The Short Second Life of Bree Tanner: An Eclipse Novella (Stephenie Meyer)
But do you have the foggiest idea who Bree Tanner is? Maybe you do, maybe you missed her brief encounter with the Cullens at the end of Eclipse. I actually did remember Bree Tanner but I didn't think about her very much. She seemed...inconsequential.
Bree Tanner is a 15-year-old runaway who had the distinct misfortune of being turned into a vampire solely for the purpose of serving as a soldier in Victoria's army of newborns. The title tells us that she has a short second life, because we already know that at the end of Eclipse, Bree Tanner is killed by the Volturi. (Spoiler-gasp.) She dies. We know this when we begin reading the 192-page novella that helps us better understand Victoria's strategy and process of creating this army of newborn vampires. Victoria, you see, is rather peeved that Edward killed her mate James (Now we are taking it old school, all the way back to Twilight.) She has tried and failed in other methods of trying to get her revenge on Edward by killing his beloved Bella, so this pack of newborns is her latest and greatest attempt. She wants Bella dead, and she thinks that if she uses a bunch of fresh, incredibly strong- even for vampires- run by her puppet/gopher boy Riley, then she can avoid Edward's pesky ability to read minds and therefore anticipate her attack on Bella.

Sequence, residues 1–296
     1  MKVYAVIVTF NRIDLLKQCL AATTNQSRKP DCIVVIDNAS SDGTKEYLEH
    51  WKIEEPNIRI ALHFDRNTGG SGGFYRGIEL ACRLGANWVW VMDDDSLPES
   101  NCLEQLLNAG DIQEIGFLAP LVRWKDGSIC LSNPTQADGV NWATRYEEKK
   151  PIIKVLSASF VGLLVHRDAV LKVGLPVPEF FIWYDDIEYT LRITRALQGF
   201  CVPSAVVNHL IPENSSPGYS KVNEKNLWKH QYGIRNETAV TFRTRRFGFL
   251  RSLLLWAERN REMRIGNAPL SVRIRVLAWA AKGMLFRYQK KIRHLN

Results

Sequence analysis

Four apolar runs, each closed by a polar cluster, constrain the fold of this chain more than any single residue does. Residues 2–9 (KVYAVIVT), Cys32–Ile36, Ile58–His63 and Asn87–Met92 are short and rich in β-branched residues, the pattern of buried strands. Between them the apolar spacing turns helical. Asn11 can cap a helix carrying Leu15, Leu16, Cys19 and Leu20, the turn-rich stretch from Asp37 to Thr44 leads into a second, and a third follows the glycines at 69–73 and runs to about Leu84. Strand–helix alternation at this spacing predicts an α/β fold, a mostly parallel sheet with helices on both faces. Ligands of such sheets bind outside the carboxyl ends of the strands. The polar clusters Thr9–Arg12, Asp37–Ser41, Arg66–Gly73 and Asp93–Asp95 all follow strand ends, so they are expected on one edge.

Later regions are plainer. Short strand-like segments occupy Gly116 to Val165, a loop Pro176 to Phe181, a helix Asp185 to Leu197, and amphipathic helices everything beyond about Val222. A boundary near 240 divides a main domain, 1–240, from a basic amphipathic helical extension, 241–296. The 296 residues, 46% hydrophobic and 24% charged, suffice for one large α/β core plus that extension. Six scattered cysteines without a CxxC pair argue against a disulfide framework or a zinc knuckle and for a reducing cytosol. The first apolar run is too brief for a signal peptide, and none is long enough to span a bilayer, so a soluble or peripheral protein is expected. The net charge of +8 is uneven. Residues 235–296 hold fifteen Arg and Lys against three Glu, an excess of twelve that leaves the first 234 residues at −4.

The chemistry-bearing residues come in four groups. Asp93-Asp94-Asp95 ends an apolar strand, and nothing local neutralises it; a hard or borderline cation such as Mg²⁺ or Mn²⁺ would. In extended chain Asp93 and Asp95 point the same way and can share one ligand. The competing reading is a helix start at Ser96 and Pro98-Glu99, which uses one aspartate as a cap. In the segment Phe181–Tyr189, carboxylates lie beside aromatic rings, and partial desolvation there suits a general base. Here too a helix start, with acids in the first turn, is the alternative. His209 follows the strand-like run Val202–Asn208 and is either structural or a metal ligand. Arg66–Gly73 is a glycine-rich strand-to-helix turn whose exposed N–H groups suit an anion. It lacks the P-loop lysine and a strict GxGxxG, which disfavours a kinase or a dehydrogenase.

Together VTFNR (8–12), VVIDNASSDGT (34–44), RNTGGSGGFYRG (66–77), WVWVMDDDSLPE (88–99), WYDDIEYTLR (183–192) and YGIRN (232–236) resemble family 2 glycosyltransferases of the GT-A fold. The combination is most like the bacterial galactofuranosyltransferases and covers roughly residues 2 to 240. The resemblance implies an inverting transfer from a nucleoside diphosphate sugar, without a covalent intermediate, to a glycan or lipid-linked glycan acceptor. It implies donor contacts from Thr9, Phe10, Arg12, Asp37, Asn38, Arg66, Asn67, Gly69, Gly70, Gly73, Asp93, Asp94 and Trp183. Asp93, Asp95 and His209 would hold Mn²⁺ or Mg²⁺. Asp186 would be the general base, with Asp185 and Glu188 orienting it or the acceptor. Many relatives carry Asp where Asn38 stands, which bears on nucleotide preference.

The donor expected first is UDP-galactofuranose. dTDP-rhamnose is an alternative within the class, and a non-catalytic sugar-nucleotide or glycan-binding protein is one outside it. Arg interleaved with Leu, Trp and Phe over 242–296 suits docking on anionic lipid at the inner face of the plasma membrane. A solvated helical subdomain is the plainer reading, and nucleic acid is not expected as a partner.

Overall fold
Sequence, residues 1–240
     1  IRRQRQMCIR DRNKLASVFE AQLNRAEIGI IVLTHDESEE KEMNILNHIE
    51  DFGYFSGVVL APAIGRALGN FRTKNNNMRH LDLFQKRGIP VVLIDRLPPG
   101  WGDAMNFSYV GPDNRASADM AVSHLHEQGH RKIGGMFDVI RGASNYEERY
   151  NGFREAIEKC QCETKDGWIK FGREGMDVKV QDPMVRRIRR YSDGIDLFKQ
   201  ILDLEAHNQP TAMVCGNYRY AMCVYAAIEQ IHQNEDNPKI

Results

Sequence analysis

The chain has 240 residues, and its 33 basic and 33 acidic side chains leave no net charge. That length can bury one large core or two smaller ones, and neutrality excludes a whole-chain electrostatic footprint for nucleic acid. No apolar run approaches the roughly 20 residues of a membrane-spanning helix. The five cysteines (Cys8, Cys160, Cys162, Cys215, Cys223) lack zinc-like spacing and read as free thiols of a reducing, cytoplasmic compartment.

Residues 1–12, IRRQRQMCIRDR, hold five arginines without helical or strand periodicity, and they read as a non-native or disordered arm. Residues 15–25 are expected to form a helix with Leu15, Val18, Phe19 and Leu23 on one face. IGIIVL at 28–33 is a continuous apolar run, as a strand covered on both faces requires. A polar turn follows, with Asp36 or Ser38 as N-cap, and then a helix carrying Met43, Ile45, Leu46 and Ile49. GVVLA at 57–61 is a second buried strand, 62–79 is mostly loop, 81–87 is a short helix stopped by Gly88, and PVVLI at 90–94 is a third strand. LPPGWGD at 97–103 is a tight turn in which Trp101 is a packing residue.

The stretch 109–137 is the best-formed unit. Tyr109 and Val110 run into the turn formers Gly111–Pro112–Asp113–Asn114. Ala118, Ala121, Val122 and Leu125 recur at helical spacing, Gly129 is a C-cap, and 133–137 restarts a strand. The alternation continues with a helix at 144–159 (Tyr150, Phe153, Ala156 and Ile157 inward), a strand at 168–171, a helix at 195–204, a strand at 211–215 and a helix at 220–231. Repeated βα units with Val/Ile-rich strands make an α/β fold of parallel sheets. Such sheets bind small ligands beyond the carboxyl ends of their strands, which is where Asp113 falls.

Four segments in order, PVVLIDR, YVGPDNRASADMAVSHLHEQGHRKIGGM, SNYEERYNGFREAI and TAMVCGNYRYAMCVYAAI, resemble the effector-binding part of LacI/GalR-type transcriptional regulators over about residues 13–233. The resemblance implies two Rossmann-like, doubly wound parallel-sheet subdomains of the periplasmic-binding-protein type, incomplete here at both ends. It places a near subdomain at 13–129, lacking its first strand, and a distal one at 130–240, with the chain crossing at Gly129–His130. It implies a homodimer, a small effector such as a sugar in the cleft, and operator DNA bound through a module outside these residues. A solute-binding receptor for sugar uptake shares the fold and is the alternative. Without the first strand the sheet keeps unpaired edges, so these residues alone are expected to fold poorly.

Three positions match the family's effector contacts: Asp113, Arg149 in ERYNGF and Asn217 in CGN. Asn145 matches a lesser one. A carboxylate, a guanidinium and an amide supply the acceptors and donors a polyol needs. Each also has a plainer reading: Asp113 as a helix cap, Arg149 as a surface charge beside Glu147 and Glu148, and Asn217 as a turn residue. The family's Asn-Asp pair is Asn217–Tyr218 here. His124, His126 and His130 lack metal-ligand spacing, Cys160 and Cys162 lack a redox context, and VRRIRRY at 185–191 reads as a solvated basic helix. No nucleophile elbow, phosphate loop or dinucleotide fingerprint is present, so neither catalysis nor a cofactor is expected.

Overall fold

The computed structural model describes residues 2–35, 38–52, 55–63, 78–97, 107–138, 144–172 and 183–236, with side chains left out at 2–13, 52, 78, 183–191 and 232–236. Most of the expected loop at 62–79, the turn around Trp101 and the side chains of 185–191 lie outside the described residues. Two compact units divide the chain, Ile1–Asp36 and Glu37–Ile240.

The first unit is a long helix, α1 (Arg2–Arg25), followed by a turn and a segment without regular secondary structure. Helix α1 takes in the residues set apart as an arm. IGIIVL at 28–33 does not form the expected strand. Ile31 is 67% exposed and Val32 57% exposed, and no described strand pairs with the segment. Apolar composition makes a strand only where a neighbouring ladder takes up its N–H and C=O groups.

So complicated. Isn't it ohsowonderful and ohsoexhausting?! I love these books.
So anyways, back to Bree. As it turns out, Bree was far from a mindless, blood-thirsty newborn vampire like the others Victoria was creating. She's likable, witty, intelligent, and scared to death, and as you get to know this young Bree Tanner, you begin to hope beyond all hope that somehow the ending that has already been written will change, that somehow her demise won't come as you've already read it in Eclipse. Poor Bree Tanner.
Her Second Short Life is fantastic, and really helpful in adding yet another dimension to the Twilight series. Her Second Short Life also proves yet again that no Twilight character is inconsequential.